I am reading through the SQL Server 2008 bible and I am covering the views section. But the author really doesn't explain the purpose of views. What is a good use for views? Should I use them in my website and what are the benefits of them?
Another use that none of the previous answers seem to have mentioned is easier deployment of table structure changes.
Say, you wish to retire a table (T_OLD) containing data for active users, and instead use a new table with similar data (named T_NEW) but one that has data for both active and inactive users, with one extra column "active".
If your system(s) have gazillion queries that do
SELECT whatever FROM T_OLD WHERE whatever, you have two choices for the roll-out:
1) Cold Turkey - Change the DB, and at the same time, change, test and release numerous pieces of code which contained said query. VERY hard to do (or even coordinate), very risky. Bad.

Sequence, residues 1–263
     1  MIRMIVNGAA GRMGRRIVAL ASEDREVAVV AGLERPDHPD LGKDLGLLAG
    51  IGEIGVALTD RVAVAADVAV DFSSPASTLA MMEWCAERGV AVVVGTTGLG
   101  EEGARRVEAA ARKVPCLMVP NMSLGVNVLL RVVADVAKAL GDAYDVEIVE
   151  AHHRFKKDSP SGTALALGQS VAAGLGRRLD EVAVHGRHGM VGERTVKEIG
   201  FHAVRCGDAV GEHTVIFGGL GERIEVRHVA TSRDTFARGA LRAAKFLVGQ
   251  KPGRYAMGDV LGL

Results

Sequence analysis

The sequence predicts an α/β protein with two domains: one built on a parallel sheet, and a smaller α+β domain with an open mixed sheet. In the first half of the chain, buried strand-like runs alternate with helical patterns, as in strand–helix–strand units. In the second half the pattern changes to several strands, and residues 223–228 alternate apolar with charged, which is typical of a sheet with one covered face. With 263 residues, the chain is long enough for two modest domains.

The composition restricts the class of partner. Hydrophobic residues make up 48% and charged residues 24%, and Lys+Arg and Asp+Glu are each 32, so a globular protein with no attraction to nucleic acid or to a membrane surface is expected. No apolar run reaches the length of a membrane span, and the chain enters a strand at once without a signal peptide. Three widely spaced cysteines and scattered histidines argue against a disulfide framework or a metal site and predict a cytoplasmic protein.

2) Gradual - change the DB by creating T_NEW, dropping T_OLD and instead creating a VIEW called T_OLD that mimics the T_OLD table 100% (e.g the view query is
SELECT all_fields_except_active FROM T_NEW WHERE active=1).
That would allow you to avoid releasing ANY code that currently selects from T_OLD, and do the changes to migrate code from T_OLD to T_NEW at leisure.
This is a simple example, there are others a lot more involved.
P.S. On the other hand, you probably should have had a stored procedure API instead of direct queries from T_OLD, but that's not always the case.